The intuitive cook's store cupboard


The ability to improvise in the kitchen is often said to be the true marker of a talented cook, yet taking to the kitchen without the comfort of a recipe can feel like taking the training wheels off your first bike at the top of a steep hill, even for some of the most experienced of amateur chefs. 

That's where brand new cookbook, The New York Times Cooking: No-Recipe Recipes comes in. Written by NYT Cooking editor, Sam Sifton, this rule breaker of a book is here to show you that with a handful of good quality ingredients and the cook's intuition you didn't know you had, you really don't need a recipe to produce great-tasting dishes competently and confidently. And just like learning to ride a bike, the more you practise, the better you become. In this extract from the book, Sam explains how no-recipe cooking all begins with a well-prepped pantry and shares his ultimate store cupboard essentials, from anchovies to tahini, to help you prepare your own kitchen stores for a more improvisational approach to cooking.

 
The New York Times Cooking: No-Recipe Recipes
Flavour-focussed meal suggestions from the editor of NYT Cooking
From weeknight pasta dishes to warming casseroles
Designed to encourage your creativity in the kitchen

"Here’s how I used to cook, before no-recipe recipes: I’d shop for every meal. I’d leave the office in the evening and stroll to the market to pick up the ingredients necessary to make whatever recipe I had chosen to make, and I’d use those ingredients to cook my meal.

This felt very Parisian, but really all I was doing was assembling meal kits. If I needed sesame oil, I’d buy a small bottle. If I needed garlic, I’d buy a small head. I’d buy two large potatoes for four people, and a little onion to go with them. My cabinets had some staples in them, but not many. I did not always have a tub of gochujang in the refrigerator, a jar of chili crisp, a container of oil-cured olives. I sometimes was without anchovies, without tahini, without roasted peanuts, without Parmesan. Often there were no eggs.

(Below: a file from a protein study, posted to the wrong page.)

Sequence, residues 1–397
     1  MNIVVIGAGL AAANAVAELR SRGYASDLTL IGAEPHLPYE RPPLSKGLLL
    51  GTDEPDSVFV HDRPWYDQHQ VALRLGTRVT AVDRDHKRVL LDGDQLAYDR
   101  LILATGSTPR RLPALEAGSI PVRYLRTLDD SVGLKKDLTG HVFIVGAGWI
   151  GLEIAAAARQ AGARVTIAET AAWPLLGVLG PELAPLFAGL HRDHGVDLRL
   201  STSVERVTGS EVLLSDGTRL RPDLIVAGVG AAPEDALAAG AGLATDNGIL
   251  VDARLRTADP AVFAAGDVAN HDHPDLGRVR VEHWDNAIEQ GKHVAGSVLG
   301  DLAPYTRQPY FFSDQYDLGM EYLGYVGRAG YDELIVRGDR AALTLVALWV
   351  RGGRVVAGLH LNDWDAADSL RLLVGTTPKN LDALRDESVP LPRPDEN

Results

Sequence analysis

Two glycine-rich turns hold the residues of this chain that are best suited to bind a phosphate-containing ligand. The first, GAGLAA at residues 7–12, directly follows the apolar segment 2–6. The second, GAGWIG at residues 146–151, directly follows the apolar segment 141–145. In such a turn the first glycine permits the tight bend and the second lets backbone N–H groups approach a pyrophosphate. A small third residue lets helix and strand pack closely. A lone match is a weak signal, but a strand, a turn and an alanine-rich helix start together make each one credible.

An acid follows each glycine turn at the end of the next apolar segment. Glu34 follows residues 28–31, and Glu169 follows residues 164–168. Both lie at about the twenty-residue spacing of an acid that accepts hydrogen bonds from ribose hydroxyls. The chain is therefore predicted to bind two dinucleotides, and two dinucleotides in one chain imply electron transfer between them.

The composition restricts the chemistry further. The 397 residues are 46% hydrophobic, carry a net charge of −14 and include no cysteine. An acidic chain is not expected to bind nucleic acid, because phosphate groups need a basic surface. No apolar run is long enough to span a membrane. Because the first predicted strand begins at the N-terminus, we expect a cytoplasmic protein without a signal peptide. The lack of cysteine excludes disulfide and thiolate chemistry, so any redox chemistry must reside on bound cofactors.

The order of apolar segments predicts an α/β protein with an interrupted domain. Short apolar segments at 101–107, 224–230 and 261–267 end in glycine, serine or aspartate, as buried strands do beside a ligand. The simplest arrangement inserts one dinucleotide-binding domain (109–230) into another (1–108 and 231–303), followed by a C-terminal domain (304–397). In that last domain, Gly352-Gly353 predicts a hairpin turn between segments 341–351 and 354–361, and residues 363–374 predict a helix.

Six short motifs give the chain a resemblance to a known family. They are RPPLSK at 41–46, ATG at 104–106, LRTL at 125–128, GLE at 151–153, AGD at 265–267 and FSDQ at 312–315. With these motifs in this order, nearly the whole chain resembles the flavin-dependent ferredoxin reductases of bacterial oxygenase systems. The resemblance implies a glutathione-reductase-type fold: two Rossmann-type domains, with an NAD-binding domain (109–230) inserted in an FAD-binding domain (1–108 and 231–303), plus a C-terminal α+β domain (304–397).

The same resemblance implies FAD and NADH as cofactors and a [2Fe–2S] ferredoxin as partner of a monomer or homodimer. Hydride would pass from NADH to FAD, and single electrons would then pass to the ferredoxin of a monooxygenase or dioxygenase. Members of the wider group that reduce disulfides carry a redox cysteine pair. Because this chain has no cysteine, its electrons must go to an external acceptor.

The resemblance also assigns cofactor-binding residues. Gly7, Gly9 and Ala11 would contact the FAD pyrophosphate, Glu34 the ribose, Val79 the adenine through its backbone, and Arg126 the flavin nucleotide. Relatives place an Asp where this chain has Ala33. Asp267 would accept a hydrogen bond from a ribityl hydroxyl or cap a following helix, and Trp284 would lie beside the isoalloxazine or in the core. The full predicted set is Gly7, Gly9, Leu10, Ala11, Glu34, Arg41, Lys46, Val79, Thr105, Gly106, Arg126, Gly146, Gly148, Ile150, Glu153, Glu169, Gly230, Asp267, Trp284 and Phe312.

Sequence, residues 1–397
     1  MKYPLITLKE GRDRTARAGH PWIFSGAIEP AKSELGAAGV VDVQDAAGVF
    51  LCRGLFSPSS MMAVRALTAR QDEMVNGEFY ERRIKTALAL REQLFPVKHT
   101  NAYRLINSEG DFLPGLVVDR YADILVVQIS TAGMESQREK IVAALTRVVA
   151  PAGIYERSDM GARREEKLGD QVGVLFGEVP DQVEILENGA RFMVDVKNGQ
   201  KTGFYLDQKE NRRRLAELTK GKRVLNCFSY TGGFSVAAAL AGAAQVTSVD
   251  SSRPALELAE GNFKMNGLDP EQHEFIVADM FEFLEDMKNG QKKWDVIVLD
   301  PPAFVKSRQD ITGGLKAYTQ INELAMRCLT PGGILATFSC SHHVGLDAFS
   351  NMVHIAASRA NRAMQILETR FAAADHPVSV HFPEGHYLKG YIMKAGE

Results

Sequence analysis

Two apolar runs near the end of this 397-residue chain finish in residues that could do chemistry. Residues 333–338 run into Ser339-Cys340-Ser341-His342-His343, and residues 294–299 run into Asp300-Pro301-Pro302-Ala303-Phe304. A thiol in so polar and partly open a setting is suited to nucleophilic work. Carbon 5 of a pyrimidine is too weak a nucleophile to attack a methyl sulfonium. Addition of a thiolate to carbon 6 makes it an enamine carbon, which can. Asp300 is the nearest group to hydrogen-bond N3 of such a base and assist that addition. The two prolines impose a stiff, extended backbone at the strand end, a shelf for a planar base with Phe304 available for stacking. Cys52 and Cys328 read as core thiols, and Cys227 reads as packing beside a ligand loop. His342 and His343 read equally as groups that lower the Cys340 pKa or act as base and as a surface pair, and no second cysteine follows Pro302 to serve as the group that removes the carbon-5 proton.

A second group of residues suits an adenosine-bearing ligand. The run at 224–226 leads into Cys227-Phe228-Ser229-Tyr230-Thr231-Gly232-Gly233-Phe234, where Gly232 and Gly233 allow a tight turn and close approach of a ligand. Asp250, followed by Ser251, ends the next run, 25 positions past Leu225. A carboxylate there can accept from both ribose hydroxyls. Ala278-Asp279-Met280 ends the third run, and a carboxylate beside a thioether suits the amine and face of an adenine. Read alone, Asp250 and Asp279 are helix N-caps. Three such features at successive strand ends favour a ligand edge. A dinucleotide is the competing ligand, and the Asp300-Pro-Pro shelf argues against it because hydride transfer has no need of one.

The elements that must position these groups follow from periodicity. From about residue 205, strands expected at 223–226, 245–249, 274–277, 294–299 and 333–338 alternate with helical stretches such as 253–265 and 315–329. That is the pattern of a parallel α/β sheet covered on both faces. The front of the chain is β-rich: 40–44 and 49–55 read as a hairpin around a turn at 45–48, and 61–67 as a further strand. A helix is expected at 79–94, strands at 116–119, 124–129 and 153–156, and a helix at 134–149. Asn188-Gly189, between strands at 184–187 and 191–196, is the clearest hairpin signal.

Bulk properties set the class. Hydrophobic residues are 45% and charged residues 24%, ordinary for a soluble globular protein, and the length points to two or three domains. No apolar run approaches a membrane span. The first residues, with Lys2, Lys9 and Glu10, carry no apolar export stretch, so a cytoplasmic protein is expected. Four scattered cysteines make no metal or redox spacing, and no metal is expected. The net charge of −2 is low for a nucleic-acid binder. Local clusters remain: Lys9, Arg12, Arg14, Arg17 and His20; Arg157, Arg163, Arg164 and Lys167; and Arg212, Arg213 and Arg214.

That is no longer the case, and it should not be the case for you, if you’d like to join me in cooking this new, improvisational way, without recipes. You do not need a recipe. But you must have staple supplies on hand with which to cook. What follows is a list of my most common kitchen companions. It’s just a start. You will add to the list as your tastes and interests dictate.

Alliums. Your cooking will benefit from always having onions and garlic, scallions most of the time, shallots sometimes, leeks occasionally, and chives once in a while.

Baking staples. No-recipe baking recipes fail fairly reliably; there’s science to baking, after all. But flour and cornstarch are important to have on hand for building savory sauces and dusting things you’re going to fry.

Beans. There’s no question that dried beans make for delicious bean pots, but for the purposes of no-recipe recipe making, I always have a few cans of black beans, white beans, red kidney beans, and some chickpeas as well. Any of these can be transformed into an excellent dinner, no recipe required.

Butter. I use a lot of butter in my cooking and hope that you will, too. It keeps forever in the fridge and even longer in the freezer. I prefer unsalted for cooking and desserts and salted for toast.

Canned fish. Anchovies play an important role in a lot of no-recipe recipes, and you can always make tuna salad if you have a can. I keep canned clams on hand as well, for pasta and pizza experiments. And if you’re really in a pinch, sardines are a pleasant meal, on crackers.